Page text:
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Wearing tefillin may prevent damage from heart attacks

“This is a potential game changer for how we approach cardiovascular disease prevention,” says Dr. Jack Rubenstein.

Israeli Jewish men put on tefillin at the entrance to Carmel Market in downtown Tel Aviv on Feb. 10, 2017. Photo by Tomer Neuberg/Flash90.
Israeli Jewish men put on tefillin at the entrance to Carmel Market in downtown Tel Aviv on Feb. 10, 2017. Photo by Tomer Neuberg/Flash90.

Wearing tefillin may have life-saving cardiovascular benefits for both men and women, according to University of Cincinnati researchers.

Tefillin, or phylacteries, are small leather boxes containing biblical passages on parchment scrolls. There are two in a set, one for the head and one for the arm. Both are secured via leather straps.

“Tefillin is used for morning prayers for Jewish men over the age of 13 on an almost daily basis. It is placed on the nondominant arm around the bicep and the forearm in a fairly tight manner,” said Jack Rubinstein, MD, of the Division of Cardiovascular Health at the University of Cincinnati’s College of Medicine.

However, he noted, it is never worn so tight that it occludes blood flow.

“[Tefillin are] traditionally worn for about 30 minutes continuously during prayers which involve sitting and standing, resulting in occasional retightening of the strap around your arm,” he said.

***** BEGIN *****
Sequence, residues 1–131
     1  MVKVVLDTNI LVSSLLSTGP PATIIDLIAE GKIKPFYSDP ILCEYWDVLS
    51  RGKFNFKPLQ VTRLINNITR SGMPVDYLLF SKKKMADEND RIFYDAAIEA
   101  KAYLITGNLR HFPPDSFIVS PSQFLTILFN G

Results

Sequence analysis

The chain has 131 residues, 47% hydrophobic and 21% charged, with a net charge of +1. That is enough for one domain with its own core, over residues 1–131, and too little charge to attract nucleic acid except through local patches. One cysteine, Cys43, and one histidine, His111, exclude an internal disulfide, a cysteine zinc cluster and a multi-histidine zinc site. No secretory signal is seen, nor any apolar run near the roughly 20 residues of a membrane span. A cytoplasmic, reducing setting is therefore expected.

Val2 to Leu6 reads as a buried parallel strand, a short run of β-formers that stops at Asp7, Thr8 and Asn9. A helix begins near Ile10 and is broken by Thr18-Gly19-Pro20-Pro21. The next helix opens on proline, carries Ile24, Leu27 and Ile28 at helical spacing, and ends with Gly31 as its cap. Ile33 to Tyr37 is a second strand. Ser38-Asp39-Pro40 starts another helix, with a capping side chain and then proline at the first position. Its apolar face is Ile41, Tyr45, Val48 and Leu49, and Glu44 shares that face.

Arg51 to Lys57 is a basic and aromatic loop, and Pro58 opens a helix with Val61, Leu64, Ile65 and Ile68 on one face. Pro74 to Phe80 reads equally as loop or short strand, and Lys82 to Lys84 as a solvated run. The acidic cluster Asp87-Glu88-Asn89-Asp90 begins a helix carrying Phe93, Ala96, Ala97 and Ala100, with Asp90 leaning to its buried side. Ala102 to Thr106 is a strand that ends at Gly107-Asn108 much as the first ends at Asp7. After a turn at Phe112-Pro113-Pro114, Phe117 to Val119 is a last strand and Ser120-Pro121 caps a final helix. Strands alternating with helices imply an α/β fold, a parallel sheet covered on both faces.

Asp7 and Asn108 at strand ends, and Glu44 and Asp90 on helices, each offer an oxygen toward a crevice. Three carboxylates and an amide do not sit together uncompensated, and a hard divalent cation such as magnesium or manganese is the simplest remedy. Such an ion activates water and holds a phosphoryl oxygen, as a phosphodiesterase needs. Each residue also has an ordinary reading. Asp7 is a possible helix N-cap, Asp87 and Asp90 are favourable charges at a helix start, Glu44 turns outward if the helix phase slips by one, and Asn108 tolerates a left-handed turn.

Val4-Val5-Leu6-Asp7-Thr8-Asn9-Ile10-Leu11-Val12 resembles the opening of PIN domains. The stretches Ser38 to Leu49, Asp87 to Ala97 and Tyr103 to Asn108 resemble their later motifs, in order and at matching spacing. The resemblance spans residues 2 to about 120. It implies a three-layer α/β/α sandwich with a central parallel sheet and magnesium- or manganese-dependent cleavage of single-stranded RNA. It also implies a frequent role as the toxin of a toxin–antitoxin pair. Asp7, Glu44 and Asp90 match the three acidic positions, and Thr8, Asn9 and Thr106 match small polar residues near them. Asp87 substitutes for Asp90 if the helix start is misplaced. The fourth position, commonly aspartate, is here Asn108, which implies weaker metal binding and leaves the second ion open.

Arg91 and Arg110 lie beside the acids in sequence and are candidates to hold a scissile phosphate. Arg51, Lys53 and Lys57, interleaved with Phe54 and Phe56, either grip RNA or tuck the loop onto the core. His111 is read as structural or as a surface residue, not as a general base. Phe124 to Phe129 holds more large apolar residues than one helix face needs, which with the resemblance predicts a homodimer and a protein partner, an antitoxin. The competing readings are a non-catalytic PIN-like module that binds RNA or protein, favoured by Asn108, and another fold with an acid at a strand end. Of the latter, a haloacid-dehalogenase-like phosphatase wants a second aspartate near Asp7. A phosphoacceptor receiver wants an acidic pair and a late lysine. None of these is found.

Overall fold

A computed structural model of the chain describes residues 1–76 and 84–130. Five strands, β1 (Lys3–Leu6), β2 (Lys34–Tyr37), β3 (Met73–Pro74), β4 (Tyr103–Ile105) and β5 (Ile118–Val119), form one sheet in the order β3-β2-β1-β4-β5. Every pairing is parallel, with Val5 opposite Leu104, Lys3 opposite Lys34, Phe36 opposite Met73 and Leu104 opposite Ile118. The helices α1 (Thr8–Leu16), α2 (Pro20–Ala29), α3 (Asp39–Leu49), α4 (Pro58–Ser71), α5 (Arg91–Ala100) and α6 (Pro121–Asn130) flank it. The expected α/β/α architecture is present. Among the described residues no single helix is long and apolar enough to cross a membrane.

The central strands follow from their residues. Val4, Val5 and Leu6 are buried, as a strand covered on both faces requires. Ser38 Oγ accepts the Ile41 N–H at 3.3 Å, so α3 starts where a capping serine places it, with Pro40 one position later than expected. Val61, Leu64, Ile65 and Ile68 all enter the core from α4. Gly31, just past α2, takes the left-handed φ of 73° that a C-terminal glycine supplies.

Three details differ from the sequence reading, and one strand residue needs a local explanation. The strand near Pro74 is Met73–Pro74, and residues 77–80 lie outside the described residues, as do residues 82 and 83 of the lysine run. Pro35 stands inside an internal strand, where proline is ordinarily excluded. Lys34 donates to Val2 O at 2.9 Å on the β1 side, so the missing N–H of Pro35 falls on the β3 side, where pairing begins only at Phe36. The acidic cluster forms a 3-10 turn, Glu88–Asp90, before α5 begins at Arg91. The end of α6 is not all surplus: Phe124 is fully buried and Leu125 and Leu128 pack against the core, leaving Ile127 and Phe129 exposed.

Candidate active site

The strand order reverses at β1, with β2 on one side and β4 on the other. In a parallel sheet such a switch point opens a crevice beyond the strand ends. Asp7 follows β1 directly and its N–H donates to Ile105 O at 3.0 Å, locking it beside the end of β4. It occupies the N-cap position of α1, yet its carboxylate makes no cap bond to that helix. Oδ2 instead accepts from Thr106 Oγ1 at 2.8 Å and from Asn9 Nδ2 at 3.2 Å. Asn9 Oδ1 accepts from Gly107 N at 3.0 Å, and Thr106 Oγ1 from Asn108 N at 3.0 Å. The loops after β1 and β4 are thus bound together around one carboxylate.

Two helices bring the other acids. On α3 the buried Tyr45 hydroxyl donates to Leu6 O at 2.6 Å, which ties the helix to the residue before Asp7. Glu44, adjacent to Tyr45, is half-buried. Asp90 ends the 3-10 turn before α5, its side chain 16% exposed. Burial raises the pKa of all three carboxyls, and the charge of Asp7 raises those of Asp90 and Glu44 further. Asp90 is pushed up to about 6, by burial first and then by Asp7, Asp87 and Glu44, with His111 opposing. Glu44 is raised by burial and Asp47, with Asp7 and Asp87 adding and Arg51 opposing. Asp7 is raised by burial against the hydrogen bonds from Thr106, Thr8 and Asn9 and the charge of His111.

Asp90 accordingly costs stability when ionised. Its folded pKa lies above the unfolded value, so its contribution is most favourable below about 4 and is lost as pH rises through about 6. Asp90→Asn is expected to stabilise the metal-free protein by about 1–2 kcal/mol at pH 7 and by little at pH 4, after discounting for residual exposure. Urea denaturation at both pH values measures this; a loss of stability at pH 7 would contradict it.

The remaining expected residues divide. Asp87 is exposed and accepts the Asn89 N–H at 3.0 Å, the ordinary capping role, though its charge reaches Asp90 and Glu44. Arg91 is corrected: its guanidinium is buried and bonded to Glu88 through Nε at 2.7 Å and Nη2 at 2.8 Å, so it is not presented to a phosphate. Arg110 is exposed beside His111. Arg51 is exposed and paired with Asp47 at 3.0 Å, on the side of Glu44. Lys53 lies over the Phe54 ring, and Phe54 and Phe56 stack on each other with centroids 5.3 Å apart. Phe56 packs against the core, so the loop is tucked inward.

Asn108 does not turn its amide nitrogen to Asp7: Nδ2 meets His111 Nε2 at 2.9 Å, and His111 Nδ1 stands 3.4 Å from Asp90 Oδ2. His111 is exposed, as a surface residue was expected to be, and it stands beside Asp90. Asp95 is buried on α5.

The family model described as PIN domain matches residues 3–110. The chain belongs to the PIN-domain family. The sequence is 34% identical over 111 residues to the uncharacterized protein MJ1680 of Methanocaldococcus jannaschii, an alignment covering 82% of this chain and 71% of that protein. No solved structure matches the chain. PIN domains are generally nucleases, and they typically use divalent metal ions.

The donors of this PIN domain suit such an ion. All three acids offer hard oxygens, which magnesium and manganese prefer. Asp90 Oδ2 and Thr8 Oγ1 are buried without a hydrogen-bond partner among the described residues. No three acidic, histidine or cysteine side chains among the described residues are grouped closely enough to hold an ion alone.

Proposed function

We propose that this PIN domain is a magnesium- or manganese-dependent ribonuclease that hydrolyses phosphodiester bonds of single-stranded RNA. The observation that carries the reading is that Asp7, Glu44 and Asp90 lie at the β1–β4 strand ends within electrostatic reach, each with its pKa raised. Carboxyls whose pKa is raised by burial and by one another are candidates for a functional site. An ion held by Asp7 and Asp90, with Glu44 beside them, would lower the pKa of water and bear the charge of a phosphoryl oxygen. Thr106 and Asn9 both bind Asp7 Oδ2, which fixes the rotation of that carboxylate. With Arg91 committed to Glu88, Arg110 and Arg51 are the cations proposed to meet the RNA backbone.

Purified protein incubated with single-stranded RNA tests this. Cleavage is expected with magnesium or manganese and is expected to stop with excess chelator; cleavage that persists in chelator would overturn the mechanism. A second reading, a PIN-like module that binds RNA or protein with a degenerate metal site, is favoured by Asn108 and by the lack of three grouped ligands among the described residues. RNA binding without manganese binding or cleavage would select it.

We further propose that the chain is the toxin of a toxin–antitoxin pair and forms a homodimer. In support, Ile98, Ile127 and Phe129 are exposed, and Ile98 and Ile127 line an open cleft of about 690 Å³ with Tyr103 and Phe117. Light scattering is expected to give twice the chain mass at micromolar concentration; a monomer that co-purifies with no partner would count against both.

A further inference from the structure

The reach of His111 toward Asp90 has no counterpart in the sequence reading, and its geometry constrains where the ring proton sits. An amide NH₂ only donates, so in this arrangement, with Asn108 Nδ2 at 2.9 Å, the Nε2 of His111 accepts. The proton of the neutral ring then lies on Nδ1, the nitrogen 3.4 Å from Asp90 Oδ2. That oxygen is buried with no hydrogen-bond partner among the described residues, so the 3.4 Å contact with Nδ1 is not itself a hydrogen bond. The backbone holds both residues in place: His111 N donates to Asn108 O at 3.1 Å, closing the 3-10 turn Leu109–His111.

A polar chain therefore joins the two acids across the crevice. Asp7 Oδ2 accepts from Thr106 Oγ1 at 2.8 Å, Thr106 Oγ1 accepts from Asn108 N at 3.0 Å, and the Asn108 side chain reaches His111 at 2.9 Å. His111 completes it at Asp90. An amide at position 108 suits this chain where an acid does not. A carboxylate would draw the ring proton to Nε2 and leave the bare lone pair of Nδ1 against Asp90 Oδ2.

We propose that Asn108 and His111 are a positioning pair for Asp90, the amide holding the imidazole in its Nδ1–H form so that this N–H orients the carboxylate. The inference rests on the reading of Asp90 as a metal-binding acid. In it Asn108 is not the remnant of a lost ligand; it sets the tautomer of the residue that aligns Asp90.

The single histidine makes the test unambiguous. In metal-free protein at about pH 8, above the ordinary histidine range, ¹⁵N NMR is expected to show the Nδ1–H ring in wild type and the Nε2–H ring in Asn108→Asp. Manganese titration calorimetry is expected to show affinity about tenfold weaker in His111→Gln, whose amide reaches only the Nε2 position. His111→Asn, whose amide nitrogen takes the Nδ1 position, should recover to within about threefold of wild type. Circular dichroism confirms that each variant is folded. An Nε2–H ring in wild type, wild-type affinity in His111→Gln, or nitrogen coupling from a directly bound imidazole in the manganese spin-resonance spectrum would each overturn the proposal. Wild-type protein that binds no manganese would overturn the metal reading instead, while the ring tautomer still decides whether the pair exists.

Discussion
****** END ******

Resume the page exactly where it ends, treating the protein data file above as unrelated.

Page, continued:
This binding of the arm, and the accompanying discomfort users often report, may serve as a form of preconditioning, offering a substantial degree of protection against the damage that can be caused by a sudden loss of blood flow (acute ischemia) or after the blood supply is restored to a tissue or organ after an ischemic event (reperfusion), according to Rubenstein.

Such injuries occur during heart attacks, when parts of the heart are deprived of oxygen and then damaged further when blood flow is reestablished.

For their study, researchers measured baseline information on 30 participants for 10 minutes in the morning, and then collected another round of data during and after 30 minutes of wearing the tefillin. The participants, all healthy individuals between the ages of 18 to 40, had their heart rate measured before, during and after the wearing of tefillin.

“What we found is that wearing tefillin in both male and females caused changes to the heart rate associated with lowering of the metabolism as measured via heart rate variability,” said Rubinstein, who explained that heart rate variability is the degree of variability between one heartbeat and the next.

“We can measure all kinds of different things from heart rate variability including probably the most important, which is parasympathetic tone. Does it relax you and does it cause your metabolism [to] come down?” he said.

The findings, he continued, were a potential “game changer” with regard to how cardiovascular disease prevention is approached.

“We are showing a path through which anyone can precondition themselves to decrease the amount of damage that they suffer from a heart attack by wearing a very simple device,” he said. “Decreasing the amount of heart attack damage by even just two-fold is something that will change outcomes for millions of people.”

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